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Last updated at 19:47 BST, Friday, 17 April 2009

Episode 191: Language Point

Helen, Alice and Khalid in the sitting room

Background

Helen used a well-known expression 'With friends like that ...' but she didn't say the full expression. In English, if an expression is very well-known, we often don't say it in full. The full expression is 'With friends like that who needs enemies?'. This expression means your friends treat you almost as badly as your enemies would (here Helen means that Alice wasn't much of friend to Khalid for messing up his hair).

Here are some more expressions and vocabulary items using the words friends and enemies:

friends

bosom buddy / friend / pal
friend that you are very close to and who you like a lot
Example: They've been bosom buddies for years. They've known each other since they were five!

pen friend / pal
someone you exchange letters with (often as a hobby) but whom you don't usually meet
Example: Our teacher encouraged us to have pen pals from a school she knew in France. She said it was a good opportunity to practise reading and writing in French.

friendly game / friendly argument
a game or argument where you play for pleasure or to practise your skills, rather than playing or arguing seriously with the aim of winning
Examples: The teams are playing a friendly football game every Saturday.
I had my usual friendly argument with my mother about socialism again this weekend.

keep your friends close and your enemies closer
it's better to keep a closer eye on your enemies rather than your friends
Example: He always wants to know what his competitors are up to. He really believes you should keep your friends close but your enemies closer.

any friend of someone's is a friend of mine / yours etc.
If you recommend someone to me who I don't know, I will trust the person you recommend because I like and trust you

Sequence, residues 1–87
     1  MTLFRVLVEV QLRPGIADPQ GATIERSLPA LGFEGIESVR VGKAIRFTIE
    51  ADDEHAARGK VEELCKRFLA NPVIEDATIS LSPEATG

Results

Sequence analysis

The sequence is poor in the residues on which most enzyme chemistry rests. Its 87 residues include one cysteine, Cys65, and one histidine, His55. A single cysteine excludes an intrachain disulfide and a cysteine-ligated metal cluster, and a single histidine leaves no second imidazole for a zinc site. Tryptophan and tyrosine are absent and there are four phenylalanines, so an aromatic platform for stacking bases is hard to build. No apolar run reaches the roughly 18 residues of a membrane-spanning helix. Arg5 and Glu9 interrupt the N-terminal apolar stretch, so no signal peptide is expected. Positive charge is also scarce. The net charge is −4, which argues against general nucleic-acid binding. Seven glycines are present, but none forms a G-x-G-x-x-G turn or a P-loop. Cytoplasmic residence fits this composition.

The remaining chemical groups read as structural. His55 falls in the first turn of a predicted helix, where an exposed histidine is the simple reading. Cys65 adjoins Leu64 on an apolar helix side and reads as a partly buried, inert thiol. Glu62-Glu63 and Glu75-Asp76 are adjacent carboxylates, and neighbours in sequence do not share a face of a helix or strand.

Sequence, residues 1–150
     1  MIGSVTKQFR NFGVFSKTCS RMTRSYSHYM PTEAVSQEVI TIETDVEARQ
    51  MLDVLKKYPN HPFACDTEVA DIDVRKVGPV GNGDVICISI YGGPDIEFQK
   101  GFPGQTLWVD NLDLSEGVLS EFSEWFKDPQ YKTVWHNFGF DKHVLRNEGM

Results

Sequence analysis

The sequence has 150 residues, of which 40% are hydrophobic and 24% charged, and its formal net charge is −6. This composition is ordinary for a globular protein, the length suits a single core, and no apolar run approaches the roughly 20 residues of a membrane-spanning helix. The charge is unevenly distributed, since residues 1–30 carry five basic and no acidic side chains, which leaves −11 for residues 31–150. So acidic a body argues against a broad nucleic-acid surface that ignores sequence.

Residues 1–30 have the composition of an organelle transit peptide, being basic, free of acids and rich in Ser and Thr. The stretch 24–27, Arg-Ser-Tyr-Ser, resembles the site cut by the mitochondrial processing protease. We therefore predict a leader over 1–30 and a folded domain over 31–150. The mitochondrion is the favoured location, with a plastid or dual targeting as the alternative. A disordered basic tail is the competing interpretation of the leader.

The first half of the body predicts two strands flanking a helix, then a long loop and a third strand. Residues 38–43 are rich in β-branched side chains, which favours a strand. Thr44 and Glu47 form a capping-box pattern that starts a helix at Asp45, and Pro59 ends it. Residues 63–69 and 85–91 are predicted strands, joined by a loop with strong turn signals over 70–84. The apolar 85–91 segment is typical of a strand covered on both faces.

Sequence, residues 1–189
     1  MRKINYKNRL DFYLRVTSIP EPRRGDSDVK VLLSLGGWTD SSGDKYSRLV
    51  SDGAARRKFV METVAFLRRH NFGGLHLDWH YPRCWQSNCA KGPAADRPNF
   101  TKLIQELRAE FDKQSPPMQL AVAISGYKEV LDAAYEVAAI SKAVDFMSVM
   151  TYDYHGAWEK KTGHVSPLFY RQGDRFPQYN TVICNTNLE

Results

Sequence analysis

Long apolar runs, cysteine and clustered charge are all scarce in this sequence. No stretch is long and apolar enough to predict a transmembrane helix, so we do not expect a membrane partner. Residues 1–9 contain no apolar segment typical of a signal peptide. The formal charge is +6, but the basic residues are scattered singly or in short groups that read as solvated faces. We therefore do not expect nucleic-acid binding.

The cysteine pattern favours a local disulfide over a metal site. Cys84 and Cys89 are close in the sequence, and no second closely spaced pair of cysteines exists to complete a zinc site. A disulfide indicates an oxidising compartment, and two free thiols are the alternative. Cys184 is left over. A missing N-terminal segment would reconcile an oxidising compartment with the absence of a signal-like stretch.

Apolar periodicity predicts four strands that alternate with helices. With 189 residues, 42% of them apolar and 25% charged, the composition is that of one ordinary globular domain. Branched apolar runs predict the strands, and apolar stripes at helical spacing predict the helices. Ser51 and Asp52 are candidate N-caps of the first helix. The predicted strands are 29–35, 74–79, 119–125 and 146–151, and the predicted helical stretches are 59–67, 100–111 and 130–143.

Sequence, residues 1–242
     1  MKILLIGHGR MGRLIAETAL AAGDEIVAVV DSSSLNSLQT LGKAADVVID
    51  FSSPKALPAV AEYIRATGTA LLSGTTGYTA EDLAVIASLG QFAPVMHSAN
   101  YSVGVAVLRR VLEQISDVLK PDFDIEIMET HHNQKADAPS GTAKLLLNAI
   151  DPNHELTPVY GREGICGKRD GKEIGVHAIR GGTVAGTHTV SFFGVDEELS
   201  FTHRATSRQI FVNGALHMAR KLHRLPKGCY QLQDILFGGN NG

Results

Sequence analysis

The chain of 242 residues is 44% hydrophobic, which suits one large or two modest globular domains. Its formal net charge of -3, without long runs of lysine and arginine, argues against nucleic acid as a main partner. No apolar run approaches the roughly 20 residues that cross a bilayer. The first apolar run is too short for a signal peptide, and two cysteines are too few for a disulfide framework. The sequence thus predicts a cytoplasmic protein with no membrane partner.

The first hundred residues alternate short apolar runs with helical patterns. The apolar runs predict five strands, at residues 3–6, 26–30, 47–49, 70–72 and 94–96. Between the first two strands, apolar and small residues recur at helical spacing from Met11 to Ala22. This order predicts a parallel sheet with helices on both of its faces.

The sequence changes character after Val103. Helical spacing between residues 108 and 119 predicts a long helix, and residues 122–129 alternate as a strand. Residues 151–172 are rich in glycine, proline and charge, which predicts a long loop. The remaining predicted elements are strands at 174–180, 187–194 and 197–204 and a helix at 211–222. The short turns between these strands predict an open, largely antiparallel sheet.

Example:Come in, come in! Welcome to my home. I'm glad Mark gave you my number. I'm sure we'll get along because any friend of Mark's is a friend of mine.

you can pick your friends but you can't pick your family
you can select who will and who won't be your friends but you are given your parents, brothers and sisters etc. You can't choose who your family is.
Example: I hate talking on the phone but mum rings me almost every evening. I just have to keep telling myself – you can't pick your family!

enemies

arch-enemy
an especially bad enemy
Example: He's been her arch-enemy ever since he got promoted to manager because of his fantastic marketing campaign. She says the campaign was all her idea and that he stole it from her and didn't give her any credit at all.

public enemy number one
someone or something that a lot of people don't like or disapprove of. Example: Pretty much everyone who lives near the site says that the new airport is a really bad idea; it's become the new public enemy number one round here.

he/she etc is his/her worst enemy
cause problems for yourself because of your character or the way you do things
Example: No matter how hard I try to get up early, I always end up turning off the alarm and snoozing for 'just five more minutes'. Then suddenly half an hour's gone by and I'm late for work again. I'm my own worst enemy, I really am.

wouldn't wish that / it on my worst enemy
used to emphasize how unpleasant something is
Example: The waiters were rude and the food was disgusting. I wouldn't wish that meal on my worst enemy.

Vocabulary

ask for your money back
ask for the money you paid for something to be refunded to you (because, for example, you don't like what you bought, it doesn't fit or there is something wrong with it)
confess
admit that you did something wrong or bad
save face
have respect and honour from other people

Episode 191 links

  1. Home
  2. The Flatmates
  3. Episode 191: Language Point